by Kevin Meagher
There’s an old African saying that when the elephants fight, it’s the grass that suffers. If that’s the case, these past couple of weeks have left Labour’s lawn fit for a spot of crown green bowling.
First to start a ruck by waving his proboscis about was Labour’s emeritus leader Tony Blair, chiding via the pages of the New Statesman, that Labour risks settling back “into its old territory of defending the status quo” and blowing the next election.
A couple of weeks of tit-for-tat followed before Len McLuskey, tusks a-gleaming, charged headlong at Tony’s hindquarters also telling the New Statesman this week that if Ed Miliband listens to Blairites in the party he is consigning himself to the “dustbin of history”.
Both hulking mammals have the same motivation; to bruise but not wound Ed Miliband and make it clear their respective herds are not to be taken for granted as we pass the 60% marker for this parliament. They are both concerned about the shape of Labour’s offer to the voters in 2015. McLuskey denounces any prospect of offering “austerity-lite”, claiming it will lead to certain election defeat. Blair, in stark contrast, warns that to “tack left on tax and spending” will lead to “strategic defeat”.
Yes, Labour’s got to be pragmatic in how it approaches the next election (Blair) but it’s got to win for a purpose too (McLuskey). This is the age-old conundrum for the democratic left. It’s one that pits those with a simplistic (and now outdated) assumption that the party can offer the bare minimum to core Labour voters because they have nowhere else to go, with those who are reluctant to countenance the bloody business of compromise at all. Despite the dust that has been kicked up these past couple of weeks, both sides are sketchy about details.
On spending, McLuskey urges Miliband to “create a radical alternative” to austerity in order to remain “the authentic voice of ordinary working people”. Does this mean no cuts? Some cuts? Cuts to bits of public spending we don’t like? (The trouble is that a private sector union like Unite has many members in defence industries and won’t want to see cuts here which other unions might happily countenance).
Things are no clearer on the other side of the aisle. When Tony Blair says in his New Statesman piece that Labour needs to be “seekers after answers, not the repository for people’s anger” he doesn’t set out a single practical idea about how Labour meets the political or economic challenges around spending, either in specifics or even what approach the party should take.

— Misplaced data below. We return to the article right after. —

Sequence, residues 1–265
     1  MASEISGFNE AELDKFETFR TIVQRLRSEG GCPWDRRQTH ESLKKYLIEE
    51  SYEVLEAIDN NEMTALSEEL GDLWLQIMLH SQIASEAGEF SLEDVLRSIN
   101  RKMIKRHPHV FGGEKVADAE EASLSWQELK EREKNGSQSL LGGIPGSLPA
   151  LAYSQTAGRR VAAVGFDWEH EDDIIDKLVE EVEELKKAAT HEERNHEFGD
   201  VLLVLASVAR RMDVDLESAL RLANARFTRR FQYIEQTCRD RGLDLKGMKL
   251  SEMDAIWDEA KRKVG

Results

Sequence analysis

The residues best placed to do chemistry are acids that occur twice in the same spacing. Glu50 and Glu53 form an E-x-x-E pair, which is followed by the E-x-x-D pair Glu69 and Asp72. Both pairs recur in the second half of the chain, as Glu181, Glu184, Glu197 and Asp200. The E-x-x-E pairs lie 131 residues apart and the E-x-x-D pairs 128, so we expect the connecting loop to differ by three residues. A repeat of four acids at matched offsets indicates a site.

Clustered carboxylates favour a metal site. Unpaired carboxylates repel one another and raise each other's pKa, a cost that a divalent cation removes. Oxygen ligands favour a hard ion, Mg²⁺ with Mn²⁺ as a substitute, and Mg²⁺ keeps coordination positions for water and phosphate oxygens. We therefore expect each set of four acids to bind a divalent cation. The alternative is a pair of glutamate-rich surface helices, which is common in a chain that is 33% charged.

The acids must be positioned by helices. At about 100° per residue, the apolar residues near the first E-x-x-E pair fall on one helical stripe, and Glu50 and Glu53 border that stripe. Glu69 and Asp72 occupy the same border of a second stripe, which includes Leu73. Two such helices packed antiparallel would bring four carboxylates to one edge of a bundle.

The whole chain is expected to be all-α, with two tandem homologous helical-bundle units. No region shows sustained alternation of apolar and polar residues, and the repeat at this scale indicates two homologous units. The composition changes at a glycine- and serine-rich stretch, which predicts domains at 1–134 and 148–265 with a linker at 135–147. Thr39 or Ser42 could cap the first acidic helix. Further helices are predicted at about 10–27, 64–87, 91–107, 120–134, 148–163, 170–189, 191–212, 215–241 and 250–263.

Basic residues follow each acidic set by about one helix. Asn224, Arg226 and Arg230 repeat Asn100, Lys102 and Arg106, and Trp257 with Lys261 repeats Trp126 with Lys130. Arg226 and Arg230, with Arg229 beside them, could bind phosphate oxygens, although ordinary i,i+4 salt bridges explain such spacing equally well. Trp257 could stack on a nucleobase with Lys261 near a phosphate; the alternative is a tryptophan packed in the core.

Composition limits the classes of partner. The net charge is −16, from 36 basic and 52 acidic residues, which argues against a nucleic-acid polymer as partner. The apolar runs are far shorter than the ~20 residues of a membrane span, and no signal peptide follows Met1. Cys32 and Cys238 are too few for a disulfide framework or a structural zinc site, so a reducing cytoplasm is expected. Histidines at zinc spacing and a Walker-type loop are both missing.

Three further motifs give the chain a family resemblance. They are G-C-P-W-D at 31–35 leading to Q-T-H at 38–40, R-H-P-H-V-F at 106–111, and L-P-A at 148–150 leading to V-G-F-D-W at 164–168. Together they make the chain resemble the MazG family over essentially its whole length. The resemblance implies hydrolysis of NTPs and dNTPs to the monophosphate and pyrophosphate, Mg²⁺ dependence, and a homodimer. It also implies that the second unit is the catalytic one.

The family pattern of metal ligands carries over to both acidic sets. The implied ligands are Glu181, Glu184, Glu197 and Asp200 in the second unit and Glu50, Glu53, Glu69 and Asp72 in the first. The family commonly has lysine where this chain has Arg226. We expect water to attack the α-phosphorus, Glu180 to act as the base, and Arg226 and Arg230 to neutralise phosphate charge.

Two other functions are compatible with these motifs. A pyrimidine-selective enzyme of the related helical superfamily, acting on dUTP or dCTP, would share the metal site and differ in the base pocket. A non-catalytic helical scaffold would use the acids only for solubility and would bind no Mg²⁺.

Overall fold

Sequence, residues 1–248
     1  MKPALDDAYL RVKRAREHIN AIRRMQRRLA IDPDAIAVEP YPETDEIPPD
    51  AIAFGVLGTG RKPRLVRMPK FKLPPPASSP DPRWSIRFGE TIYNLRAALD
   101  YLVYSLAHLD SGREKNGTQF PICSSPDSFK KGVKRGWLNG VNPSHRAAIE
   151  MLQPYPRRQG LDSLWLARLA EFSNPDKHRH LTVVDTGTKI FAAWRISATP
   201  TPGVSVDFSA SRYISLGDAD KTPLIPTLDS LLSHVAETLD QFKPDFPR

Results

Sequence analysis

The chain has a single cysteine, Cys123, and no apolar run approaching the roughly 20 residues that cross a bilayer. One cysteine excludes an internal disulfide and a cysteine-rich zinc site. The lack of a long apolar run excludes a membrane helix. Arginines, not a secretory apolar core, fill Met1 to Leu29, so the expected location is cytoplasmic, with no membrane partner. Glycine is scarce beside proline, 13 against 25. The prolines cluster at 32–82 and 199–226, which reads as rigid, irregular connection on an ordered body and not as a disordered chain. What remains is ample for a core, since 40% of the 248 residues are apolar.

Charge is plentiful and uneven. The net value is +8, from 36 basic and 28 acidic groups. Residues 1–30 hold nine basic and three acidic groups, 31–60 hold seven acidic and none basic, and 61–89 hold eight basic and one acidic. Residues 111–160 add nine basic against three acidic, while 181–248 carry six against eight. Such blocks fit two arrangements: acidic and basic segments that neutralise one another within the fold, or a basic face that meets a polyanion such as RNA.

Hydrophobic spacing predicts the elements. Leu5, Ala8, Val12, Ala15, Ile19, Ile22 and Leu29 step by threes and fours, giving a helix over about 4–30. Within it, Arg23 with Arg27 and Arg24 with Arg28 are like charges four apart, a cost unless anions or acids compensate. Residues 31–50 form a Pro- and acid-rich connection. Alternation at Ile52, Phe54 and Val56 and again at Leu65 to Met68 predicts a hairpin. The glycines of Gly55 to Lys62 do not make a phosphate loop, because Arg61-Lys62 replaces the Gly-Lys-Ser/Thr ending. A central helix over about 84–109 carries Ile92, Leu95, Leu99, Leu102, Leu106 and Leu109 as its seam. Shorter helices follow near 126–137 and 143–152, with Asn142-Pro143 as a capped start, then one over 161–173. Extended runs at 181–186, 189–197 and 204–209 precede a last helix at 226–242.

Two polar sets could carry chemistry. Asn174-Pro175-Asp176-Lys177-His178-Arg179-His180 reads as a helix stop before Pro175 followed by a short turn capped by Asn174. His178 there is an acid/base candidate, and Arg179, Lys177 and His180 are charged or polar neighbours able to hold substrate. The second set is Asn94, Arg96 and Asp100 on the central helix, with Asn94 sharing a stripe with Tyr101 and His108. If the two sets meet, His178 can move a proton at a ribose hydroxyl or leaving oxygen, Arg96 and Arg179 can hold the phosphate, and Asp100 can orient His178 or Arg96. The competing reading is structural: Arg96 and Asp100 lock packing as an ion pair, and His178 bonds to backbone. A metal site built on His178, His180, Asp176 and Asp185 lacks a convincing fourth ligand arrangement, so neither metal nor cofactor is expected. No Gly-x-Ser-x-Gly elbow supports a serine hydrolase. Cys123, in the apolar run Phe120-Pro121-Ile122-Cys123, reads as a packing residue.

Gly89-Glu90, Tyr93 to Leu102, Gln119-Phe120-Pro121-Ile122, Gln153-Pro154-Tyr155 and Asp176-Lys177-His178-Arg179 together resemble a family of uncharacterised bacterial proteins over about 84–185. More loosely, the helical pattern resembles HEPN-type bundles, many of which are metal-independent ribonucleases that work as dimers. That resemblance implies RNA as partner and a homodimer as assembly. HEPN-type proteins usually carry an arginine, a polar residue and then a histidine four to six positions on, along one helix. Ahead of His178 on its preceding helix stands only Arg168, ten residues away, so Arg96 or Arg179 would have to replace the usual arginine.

Coming up on the rails, as Atul Hatwal pointed out the other day, is the decision about whether Labour backs the government’s overall package following the spending review in June and then, perhaps, forces the pace on differing priorities. This requires clarity about Labour’s red line issues and what are henceforth merely nice-to-haves. We are light years away from seeing that kind of discussion start, never mind conclude.
Should we, for example, still have means-tested benefits for pensioners? Is Trident is a costly distraction? Does the public sector wage bill needs pruning? Should the balance between cuts and tax rises now tilt towards the latter? Should we lop-off areas of spending altogether rather than continue to salami-slice? Et cetera, et cetera.
These are the kind of hard choices Eds Miliband and Balls face – and they are considerably more difficult than they were in the glory days of 1997. Then, holding to Tory spending plans for two years was merely a temporary expedient before the Treasury’s taps were turned on. Pledging not to increase the basic and top rates of tax was a PR ruse to cover for the welter of stealth taxes which followed. Tony Blair’s governments were conventionally social democratic in this respect. He redistributed wealth (moderately) and spent (lots) on public services. He couldn’t manage the same restraint he now seems to urge on others.
The party’s scales are balanced here. For the left, the challenge, as ever, is accepting uncomfortable political reality, while the Blairite right needs to understand that Labour is a social democratic party which needs a strong, compelling offer to ordinary working people.
People feel more insecure, overburdened, more insular, angry that they are struggling to get by through, they see it, no fault of theirs. They are volatile and raw. It’s a mood which might harden into more radical demands (as McLuskey thinks). Or it might go the other way and manifest itself as rampant individualism (Blair’s theory). Frankly, we don’t know yet, which means the 2015 centre ground is currently wheeling around on castors.
Rather than flattening the grass any further, what would be helpful for Miliband is for all sides to offer a better reconciliation between how Labour wins the next election with what it does after. This is essential as there is no point fudging issues, winning an election and then seeing the party rip itself apart with cries of betrayal later on. In this respect, both Blair and McLuskey’s advice is pretty useless.
Still, you wouldn’t want to say that too loudly to two marauding elephants, would you?
Kevin Meagher is associate editor of Labour Uncut